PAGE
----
Parents purchasing crayons for their kids, take note: Playskool crayons have been found to contain toxic levels of asbestos, according to the U.S. Public Interest Research Group (U.S. PIRG). The consumer advocacy group is asking retailers — including Dollar Tree and Amazon — to remove the crayons from their inventory.
“There is no reason to be exposing kids to a known carcinogen, especially in crayons,” said Kara Cook-Schultz, toxics director for U.S. PIRG, told the Washington Post.
The group tested 36-packs of crayons purchased at a Dollar Tree store in Chicago and discovered asbestos, which can be dangerous if inhaled or ingested. The crayons are also being sold online at eBay and DollarDays.com.
The new report comes a few years after a 2015 study from the Environmental Working Group Action Fund that revealed four brands of crayons manufactured in China contained asbestos fibers. Amazon, Toys R Us, Party City and Dollar Tree stopped selling the crayons as a result of the findings.
“The good news is that when we were testing three years ago, all sorts of brands came back with asbestos,” Cook-Schultz told CBS News. “Now it’s just this one.”
During the testing, the group examined five other crayon brands: Crayola, Target’s Up & Up, Cra-Z-Art, Disney Junior Mickey and the Roadster Racers and Rose Art. They were all found to be asbestos-free.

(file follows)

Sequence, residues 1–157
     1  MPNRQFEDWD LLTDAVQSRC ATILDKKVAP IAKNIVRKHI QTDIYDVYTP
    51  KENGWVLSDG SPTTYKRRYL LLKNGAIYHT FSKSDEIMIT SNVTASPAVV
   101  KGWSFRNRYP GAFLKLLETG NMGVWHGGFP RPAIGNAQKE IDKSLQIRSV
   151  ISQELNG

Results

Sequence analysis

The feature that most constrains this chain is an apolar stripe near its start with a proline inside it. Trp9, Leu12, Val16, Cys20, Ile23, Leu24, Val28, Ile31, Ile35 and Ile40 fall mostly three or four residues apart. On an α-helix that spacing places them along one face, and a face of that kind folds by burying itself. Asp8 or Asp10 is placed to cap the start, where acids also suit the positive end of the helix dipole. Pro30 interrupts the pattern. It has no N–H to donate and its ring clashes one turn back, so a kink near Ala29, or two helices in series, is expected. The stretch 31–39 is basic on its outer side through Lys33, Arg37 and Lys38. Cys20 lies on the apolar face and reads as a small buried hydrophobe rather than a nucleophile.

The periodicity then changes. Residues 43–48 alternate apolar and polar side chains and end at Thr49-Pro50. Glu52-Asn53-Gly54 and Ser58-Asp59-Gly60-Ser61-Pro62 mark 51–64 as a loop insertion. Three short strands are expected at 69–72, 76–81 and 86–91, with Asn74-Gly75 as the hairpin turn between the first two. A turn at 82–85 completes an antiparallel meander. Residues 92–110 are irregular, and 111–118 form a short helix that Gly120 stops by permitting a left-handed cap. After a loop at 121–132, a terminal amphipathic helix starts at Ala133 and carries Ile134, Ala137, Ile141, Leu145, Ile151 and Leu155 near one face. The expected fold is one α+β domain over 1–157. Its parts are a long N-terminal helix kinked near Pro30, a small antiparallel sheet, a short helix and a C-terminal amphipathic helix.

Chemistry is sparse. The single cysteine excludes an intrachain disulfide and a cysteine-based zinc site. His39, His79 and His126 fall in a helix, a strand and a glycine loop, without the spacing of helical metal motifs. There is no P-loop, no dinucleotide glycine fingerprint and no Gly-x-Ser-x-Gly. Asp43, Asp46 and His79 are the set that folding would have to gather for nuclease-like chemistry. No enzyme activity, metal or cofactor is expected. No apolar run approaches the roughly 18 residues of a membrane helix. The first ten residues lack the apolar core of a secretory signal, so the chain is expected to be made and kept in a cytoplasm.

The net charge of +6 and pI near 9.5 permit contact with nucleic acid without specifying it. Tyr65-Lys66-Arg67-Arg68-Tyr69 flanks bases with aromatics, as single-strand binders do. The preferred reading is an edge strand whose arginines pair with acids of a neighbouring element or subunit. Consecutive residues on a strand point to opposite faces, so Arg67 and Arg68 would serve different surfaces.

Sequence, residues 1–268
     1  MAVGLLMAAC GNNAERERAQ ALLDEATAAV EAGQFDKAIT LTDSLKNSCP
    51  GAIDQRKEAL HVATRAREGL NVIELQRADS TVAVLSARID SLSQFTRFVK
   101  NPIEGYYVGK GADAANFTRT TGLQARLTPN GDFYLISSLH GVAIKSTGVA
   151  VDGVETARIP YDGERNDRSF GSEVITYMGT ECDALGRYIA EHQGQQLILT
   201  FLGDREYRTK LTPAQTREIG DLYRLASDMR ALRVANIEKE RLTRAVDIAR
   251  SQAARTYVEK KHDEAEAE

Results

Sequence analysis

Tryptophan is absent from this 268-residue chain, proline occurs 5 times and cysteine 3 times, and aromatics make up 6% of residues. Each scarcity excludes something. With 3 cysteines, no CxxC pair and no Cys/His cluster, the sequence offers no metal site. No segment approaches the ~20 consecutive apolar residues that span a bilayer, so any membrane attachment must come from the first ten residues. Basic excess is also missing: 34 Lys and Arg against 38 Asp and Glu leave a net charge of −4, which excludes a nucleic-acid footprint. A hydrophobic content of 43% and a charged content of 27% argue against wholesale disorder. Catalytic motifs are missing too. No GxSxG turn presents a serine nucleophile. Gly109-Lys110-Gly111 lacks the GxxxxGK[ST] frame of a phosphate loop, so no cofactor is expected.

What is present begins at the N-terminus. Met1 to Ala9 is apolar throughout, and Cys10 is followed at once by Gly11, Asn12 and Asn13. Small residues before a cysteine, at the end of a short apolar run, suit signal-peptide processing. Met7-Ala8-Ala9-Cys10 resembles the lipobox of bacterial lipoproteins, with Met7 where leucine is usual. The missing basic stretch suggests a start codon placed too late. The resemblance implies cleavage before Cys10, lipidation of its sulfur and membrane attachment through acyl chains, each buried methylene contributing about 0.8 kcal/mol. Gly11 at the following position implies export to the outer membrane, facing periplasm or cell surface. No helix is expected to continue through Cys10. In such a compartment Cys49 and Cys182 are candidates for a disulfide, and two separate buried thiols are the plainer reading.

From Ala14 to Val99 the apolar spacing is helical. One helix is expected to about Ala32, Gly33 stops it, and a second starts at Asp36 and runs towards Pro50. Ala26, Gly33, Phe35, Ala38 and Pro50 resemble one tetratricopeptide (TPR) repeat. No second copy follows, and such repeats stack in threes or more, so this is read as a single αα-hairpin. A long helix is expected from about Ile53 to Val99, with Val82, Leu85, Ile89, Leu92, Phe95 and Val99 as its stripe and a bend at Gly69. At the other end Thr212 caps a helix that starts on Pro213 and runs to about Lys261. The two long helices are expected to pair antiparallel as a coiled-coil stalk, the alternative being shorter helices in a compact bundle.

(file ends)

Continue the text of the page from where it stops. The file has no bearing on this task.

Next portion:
Although there are federal rules regulating the amount of asbestos in schools, drinking water and certain consumer products, there are no federal laws regulating the amount of asbestos allowed in children’s products. Exposure to asbestos can lead to breathing problems, lung cancer and mesothelioma.
Hasbro, which owns the Playskool brand, said they will dig into the U.S. PIRG claims, “including working with Leap Year, the licensee of the product,” according to Julie Duffy, a spokeswoman for the company.
“We are aware of a report of trace amounts of asbestos being detected in a small amount of product testing conducted by a private group and are reviewing our own certified lab testing, which to our knowledge, passes all regulatory requirements and had no detectable asbestos,” a spokesman for Leap Year told the Washington Post. “We will issue a formal statement upon the completion of our review.”
The U.S. PIRG released its annual toy safety review on Aug. 7. The group also found:
- Lead in two children’s water bottles that have been recalled (Base Brands children’s Reduce Hydro Pro Furry Friends water bottle, once sold by Costco, and GSI Outdoors children’s water bottle, once sold by L.L. Bean),
- Unsafe levels of phthalates in Jot brand blue 3-ring binders. High phthalate levels have been linked to birth defects and reproductive problems.
- Benzene in Board Dudes brand dry-erase markers. Benzene is a known carcinogen linked to various forms of cancer.
For safe school supply options, see the group’s Safe School Supplies Guide.